Subterranean London

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{city, large, area}
{build, building, house}
{company, market, business}
{island, water, area}
{work, book, publish}
{system, computer, user}
{disease, patient, cell}
{village, small, smallsup}

The metropolis of London has been occupied for millennia, and has over that time acquired a large number of subterranean structures.

These have served a number of purposes:

Contents

Water and waste

Since its foundation, the Thames has been at the heart of London. Many tributaries flow into it and over time these have changed from sources of water to open sewers and sources of disease.

As the city developed from a cluster of villages, many of the existing rivers were buried or canalized: see subterranean rivers of London.

The rivers failed to carry the sewage of the growing metropolis. The resulting health crisis led to the creation in the late nineteenth century of the London sewerage system, designed by Joseph Bazalgette, one of the first modern sewer systems in the world.

The Thames Water Ring Main is a notable modern piece of large-scale water supply infrastructure, comprising 80 km of wide-bore water-carrying tunnels.

Transport

The London Underground was the first underground railway in the world, and remains one of the most extensive. Its construction began in 1860 with the 3.7-mile (6.0 km) Metropolitan Railway from Farringdon to Paddington. It was opened in 1863, having caused much disruption by the use of "cut and cover" techniques, which involved digging large trenches along the course of existing roads, and then constructing a roof over the excavation to reinstate the road surface.[1] Tube railways, which caused little disruption because they were constructed by boring a tunnel, arrived in 1890, with the opening of the City and South London Railway, a 1.5-mile (2.4 km) line from Stockwell to King William Street. It was planned as a cable hauled railway, but the advent of electric traction resulted in a simpler solution, and the change was made before the cable system was built. It thus became the world's first electric tube railway.[2] Although the system comprises 249 miles (401 km) of track, only about 45 per cent is actually below ground.[3]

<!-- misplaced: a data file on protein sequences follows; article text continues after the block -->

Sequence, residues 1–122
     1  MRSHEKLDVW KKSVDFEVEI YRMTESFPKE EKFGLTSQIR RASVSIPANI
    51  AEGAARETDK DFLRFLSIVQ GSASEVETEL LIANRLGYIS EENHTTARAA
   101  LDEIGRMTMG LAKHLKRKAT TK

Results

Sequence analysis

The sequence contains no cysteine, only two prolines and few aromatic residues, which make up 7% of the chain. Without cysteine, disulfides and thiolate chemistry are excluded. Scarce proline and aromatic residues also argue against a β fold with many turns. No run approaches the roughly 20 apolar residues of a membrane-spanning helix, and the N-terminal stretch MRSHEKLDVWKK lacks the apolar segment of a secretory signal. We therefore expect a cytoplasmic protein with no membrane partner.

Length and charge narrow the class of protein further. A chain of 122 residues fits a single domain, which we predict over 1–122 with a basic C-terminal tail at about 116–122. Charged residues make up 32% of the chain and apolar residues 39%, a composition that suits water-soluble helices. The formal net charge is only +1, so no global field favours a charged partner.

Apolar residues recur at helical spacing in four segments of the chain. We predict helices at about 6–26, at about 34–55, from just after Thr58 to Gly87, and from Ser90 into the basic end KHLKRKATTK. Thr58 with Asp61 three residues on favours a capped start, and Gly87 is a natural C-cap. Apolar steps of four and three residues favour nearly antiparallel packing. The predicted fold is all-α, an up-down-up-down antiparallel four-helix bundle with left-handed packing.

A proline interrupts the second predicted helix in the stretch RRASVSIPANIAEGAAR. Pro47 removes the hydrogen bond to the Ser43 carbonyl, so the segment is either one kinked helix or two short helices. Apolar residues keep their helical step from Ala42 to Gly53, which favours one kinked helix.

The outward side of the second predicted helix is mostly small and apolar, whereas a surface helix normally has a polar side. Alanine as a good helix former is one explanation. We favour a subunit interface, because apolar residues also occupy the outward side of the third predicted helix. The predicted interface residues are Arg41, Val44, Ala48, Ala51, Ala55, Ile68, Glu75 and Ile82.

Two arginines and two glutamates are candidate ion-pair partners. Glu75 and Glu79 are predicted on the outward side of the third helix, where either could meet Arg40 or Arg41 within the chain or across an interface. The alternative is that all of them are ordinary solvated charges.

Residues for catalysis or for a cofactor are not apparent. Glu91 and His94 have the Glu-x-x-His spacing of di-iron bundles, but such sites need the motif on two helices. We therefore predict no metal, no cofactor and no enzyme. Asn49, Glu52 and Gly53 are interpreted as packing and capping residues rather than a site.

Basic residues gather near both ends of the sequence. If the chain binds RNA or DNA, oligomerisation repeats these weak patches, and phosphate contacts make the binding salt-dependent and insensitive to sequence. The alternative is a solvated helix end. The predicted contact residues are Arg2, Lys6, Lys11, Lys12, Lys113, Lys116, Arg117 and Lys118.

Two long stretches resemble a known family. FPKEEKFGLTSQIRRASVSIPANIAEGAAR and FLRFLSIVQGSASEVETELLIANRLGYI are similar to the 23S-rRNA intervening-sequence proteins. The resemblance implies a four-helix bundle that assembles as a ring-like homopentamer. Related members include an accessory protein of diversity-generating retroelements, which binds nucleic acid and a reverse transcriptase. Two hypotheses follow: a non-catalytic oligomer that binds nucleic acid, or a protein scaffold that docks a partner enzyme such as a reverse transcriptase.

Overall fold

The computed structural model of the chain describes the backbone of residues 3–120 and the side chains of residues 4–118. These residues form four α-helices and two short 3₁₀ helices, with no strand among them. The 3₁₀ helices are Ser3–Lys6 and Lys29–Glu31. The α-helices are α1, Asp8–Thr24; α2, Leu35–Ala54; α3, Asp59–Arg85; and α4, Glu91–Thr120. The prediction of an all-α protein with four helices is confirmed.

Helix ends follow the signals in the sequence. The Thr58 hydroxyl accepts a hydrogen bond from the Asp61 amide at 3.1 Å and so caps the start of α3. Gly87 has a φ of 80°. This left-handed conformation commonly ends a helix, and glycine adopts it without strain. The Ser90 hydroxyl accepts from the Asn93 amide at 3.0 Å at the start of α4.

Numerous tunnels underneath the River Thames have been created, ranging from foot-tunnels to road tunnels and the tunnels of the Underground. The first of these, the Thames Tunnel, designed by Marc Brunel, was the first tunnel known to have been successfully constructed underneath a navigable river. It ran for 1,200 yards (1,100 m) from Rotherhithe to Wapping, and was opened in 1843. It was used as a pedestrian subway, as the finance was not available to allow the company to build the intended access ramps for horse-drawn traffic, and was later used by the East London branch of the Metropolitan Railway from Shoreditch to New Cross.[1]

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